So, for instance: “If you want to kill Harry, you’re going to have to kill me too”—RON, leg is broken, he’s in pain, gets up and stands in front of Harry and says this. Who gets that line in the movie? Hermione.
“Fear of a name increases the fear of the thing itself.” Hermione doesn’t say Voldemort’s name until well into the books—that’s Dumbledore’s line. When does Hermione say it in the movies? Beginning of Movie 2.
When the Devil’s Snare is curling itself around everybody, Hermione panics, and Ron is the one who keeps his head and says “Are you a witch or not?” In the movie, everybody else panics and Hermione keeps her head and does the biggest, brightest flare of sunlight spell there ever was.
So, Hermione—all her flaws were shaved away in the films. And that sounds like you’re making a kick-ass, amazing character, and what you’re doing is dehumanizing her. And it pisses me off. It really does.
In the books, they balance each other out, because where Hermione gets frazzled and maybe her rationality overtakes some of her instinct, Ron has that to back it up; Ron has a kind of emotional grounding that can keep Hermione’s hyper-rationalness in check. Sometimes Hermione’s super-logical nature grates Harry and bothers him, and isn’t the thing he needs even if it’s the right thing, like when she says “You have a saving people thing.” That is the thing that Harry needed to hear, she’s a hundred percent right, but the way she does it is wrong. That’s the classic “she’s super logical, she’s super brilliant, but she doesn’t know how to handle people emotionally,” at least Harry.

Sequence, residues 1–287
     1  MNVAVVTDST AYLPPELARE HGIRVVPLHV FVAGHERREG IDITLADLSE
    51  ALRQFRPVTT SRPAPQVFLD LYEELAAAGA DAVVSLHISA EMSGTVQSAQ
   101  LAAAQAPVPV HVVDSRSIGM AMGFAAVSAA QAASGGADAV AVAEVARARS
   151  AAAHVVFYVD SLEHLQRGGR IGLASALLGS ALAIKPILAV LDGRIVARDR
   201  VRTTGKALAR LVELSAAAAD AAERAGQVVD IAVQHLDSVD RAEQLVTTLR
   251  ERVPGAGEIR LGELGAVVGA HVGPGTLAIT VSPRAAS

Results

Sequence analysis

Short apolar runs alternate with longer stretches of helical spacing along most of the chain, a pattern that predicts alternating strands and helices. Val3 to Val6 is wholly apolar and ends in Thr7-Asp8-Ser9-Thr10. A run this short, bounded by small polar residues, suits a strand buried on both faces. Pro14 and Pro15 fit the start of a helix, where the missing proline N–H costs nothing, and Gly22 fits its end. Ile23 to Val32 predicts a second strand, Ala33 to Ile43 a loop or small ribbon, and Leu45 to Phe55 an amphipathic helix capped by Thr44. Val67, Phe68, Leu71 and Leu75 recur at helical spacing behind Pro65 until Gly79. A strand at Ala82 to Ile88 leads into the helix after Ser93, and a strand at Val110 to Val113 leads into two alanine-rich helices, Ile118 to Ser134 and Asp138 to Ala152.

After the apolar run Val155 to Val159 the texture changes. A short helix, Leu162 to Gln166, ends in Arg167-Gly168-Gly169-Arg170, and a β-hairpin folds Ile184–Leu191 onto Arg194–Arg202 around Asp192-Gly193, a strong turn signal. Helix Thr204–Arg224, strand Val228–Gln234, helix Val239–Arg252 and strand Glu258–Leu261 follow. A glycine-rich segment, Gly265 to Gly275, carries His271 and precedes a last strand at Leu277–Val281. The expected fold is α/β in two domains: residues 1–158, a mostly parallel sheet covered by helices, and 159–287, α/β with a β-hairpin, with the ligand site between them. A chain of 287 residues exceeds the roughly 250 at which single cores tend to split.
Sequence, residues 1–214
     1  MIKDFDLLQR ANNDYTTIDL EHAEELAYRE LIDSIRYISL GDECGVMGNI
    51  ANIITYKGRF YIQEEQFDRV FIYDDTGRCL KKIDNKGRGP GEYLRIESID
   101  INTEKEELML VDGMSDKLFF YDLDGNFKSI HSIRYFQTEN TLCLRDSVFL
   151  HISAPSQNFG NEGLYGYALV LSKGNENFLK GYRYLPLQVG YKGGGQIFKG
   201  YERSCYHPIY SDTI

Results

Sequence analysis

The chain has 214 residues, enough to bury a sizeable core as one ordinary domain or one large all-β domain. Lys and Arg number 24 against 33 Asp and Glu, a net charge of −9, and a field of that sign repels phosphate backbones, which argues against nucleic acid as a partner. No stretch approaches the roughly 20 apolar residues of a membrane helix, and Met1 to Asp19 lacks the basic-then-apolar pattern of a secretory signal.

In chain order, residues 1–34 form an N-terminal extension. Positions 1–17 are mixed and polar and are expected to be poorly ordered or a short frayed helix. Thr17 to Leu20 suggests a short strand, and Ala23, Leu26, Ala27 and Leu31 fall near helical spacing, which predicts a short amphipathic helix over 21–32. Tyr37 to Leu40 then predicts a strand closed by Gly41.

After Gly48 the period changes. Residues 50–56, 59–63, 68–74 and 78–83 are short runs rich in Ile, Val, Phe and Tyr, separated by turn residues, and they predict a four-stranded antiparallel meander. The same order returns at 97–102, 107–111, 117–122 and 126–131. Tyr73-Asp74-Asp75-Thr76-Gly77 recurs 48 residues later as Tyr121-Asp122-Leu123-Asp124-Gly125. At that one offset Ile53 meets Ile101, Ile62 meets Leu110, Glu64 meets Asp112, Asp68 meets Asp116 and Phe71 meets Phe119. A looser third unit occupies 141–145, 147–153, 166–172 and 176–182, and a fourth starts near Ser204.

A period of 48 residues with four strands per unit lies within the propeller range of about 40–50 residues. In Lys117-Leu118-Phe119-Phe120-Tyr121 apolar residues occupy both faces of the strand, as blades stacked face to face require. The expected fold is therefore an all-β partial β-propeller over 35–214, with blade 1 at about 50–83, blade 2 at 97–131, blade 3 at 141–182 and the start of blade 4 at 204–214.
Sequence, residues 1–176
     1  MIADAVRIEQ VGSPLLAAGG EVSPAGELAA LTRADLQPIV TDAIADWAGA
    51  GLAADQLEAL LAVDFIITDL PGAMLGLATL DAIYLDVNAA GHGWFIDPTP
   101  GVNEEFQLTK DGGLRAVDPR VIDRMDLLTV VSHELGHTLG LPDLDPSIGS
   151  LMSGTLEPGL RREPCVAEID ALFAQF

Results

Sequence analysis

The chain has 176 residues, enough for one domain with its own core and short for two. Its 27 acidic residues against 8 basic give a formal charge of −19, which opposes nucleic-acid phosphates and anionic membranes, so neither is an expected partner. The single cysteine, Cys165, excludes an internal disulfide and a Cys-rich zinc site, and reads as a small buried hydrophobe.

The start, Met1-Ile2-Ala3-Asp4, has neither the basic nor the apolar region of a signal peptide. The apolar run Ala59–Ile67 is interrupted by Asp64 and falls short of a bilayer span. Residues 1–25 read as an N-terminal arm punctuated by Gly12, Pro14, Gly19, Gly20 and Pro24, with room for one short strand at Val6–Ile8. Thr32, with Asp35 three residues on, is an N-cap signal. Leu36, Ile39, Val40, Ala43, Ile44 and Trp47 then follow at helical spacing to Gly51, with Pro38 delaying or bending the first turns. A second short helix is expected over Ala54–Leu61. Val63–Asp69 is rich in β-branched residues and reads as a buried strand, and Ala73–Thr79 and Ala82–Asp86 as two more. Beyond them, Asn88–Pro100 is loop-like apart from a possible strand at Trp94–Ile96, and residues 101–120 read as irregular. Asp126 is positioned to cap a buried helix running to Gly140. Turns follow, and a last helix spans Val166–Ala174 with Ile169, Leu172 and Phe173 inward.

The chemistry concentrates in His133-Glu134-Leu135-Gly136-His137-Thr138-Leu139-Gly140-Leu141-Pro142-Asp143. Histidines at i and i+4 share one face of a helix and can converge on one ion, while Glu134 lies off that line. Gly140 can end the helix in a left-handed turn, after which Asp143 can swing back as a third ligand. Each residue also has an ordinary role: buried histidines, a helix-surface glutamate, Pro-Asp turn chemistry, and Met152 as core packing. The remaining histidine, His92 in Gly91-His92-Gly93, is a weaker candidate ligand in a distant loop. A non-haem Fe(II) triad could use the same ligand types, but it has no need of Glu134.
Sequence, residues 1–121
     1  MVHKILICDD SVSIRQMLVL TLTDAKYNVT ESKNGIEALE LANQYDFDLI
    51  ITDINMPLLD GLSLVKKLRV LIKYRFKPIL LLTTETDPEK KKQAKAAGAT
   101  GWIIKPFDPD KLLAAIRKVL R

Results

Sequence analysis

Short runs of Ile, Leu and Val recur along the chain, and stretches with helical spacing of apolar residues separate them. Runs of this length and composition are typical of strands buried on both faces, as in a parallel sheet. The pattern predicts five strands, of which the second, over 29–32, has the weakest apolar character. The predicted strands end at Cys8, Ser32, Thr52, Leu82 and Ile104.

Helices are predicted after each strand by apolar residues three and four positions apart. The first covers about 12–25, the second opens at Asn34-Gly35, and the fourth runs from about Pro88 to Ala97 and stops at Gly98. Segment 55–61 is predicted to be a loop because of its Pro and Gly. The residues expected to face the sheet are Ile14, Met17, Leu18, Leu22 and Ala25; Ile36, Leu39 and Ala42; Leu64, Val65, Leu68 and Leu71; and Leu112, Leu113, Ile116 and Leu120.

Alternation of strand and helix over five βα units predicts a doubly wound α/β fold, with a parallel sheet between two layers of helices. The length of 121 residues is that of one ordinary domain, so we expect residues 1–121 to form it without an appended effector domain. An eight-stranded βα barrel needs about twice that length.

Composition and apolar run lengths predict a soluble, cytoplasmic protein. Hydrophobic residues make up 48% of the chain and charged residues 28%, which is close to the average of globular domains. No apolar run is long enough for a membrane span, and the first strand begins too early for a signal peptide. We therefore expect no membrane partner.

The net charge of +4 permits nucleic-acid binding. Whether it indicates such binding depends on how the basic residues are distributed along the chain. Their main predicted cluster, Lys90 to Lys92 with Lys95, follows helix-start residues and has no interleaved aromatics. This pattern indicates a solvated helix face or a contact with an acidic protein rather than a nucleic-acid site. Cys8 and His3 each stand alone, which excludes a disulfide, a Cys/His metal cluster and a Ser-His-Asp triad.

So in the books they are this balanced group, and in the movies, in the movies—hell, not even Harry is good enough for Hermione in the movies. No one’s good enough for Hermione in the movies—God isn’t good enough for Hermione in the movies! Hermione is everybody’s everything in the movies.
Harry’s idea to jump on the dragon in the books, who gets it in the movies? Hermione, who hates to fly. Hermione, who overcomes her withering fear of flying to take over Harry’s big idea to get out of the—like, why does Hermione get all these moments?
[John: Because we need to market the movie to girls.]
I think girls like the books, period. And like the Hermione in the books, and like the Hermione in the books just fine before Hollywood made her idealized and perfect. And if they would have trusted that, they would have been just fine.
Would the movies have been bad if she was as awesome as she was in the books, and as human as she was in the books? Would the movies get worse?
She IS a strong girl character. This is the thing that pisses me off. They are equating “strong” with superhuman. To me, the Hermione in the book is twelve times stronger than the completely unreachable ideal of Hermione in the movies. Give me the Hermione in the book who’s human and has flaws any single day of the week.
Here’s a classic example: When Snape in the first book yells at Hermione for being an insufferable know-it-all, do you want to know what Ron says in the book? “Well, you’re asking the questions, and she has to answer. Why ask if you don’t want to be told?” What does he say in the movie? “He’s got a point, you know.” Ron? Would never do that. Would NEVER do that, even before he liked Hermione. Ron would never do that.
always on the bus but new shade new life #amirite